Isolated CNS relapse was associated with male sex and BCR-ABL1 fusion in B-ALL and high presenting leukocyte count in T-ALL.
Upfront dexamethasone, delayed initial intrathecal therapy, anesthesia for procedure, and flow cytometry exam of CSF reduced CNS relapse.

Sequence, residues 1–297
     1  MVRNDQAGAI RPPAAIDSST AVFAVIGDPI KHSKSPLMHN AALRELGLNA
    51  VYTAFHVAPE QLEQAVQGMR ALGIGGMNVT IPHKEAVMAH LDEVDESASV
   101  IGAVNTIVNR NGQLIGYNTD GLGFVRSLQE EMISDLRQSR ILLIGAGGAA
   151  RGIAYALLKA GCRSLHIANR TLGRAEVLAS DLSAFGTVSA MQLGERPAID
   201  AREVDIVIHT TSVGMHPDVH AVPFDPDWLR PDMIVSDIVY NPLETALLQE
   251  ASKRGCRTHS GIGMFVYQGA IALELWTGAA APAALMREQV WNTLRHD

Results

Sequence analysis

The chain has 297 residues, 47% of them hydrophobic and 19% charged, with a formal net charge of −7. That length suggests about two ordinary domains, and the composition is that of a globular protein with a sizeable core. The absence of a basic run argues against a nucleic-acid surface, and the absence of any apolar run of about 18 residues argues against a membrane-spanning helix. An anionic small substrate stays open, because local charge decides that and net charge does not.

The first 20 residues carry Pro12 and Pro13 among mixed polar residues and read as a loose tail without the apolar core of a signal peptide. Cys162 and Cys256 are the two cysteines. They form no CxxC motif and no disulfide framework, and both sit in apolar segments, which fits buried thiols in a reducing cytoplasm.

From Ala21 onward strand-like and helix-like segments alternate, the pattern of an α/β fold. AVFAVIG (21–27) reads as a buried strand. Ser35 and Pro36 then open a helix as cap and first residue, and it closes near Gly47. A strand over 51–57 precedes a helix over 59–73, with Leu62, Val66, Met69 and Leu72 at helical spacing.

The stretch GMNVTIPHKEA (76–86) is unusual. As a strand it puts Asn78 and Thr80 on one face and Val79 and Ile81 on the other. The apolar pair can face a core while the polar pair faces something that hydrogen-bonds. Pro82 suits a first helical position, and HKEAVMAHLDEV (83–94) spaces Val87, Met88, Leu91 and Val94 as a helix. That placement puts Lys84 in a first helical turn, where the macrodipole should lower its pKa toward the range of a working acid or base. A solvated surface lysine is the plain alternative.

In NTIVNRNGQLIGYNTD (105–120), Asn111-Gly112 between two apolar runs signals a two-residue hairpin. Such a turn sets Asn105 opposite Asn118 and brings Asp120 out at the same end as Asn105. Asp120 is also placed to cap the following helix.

To identify the prognostic factors that are useful to improve CNS control in children with acute lymphoblastic leukemia (ALL), we analyzed the outcome of 7640 consecutive patients treated on China Children's Cancer Group ALL-2015 protocol between 2015 and 2019. This protocol featured prephase dexamethasone treatment before conventional remission induction and subsequent risk-directed therapy, including 16 to 22 triple intrathecal treatments, without prophylactic cranial irradiation. The 5-year event-free survival was 80.3% (95% CI, 78.9%-81.7%), and overall survival 91.1% (95% CI, 90.1%-92.1%). The cumulative risk of isolated CNS relapse was 1.9% (95% CI, 1.5%-2.3%), and any CNS relapse 2.7% (95% CI, 2.2%-3.2%). The isolated CNS relapse rate was significantly lower in patients with B-ALL than in those with T-ALL (1.6%; 95% CI,1.2%-2.0% vs 4.6%; 95% CI 2.9%-6.3%; P <0.001). Independent risk factors for isolated CNS relapse included male sex (hazard ratio [HR], 1.8; 95% CI, 1.1%-3.0%; P=0.03), the presence of BCR-ABL1 fusion (HR, 3.8; 95% CI, 2.0%-7.3%; P <0.001) in B-ALL, and presenting leukocyte count ≥50×109/L (HR, 4.3; 95% CI, 1.5%-12.2%; P=0.007) in T-ALL. Significantly lower isolated CNS relapse was associated with the use of total intravenous anesthesia during intrathecal therapy (HR, 0.2; 95% CI, 0.04%-0.7%; P=0.02) and flow cytometry examination of diagnostic cerebrospinal fluid (HR, 0.2; 95% CI, 0.06%-0.6%; P=0.006) among patients with B-ALL. Prephase dexamethasone treatment, delayed intrathecal therapy, use of total intravenous anesthesia during intrathecal therapy, and flow cytometry examination of diagnostic cerebrospinal fluid may improve CNS control in childhood ALL.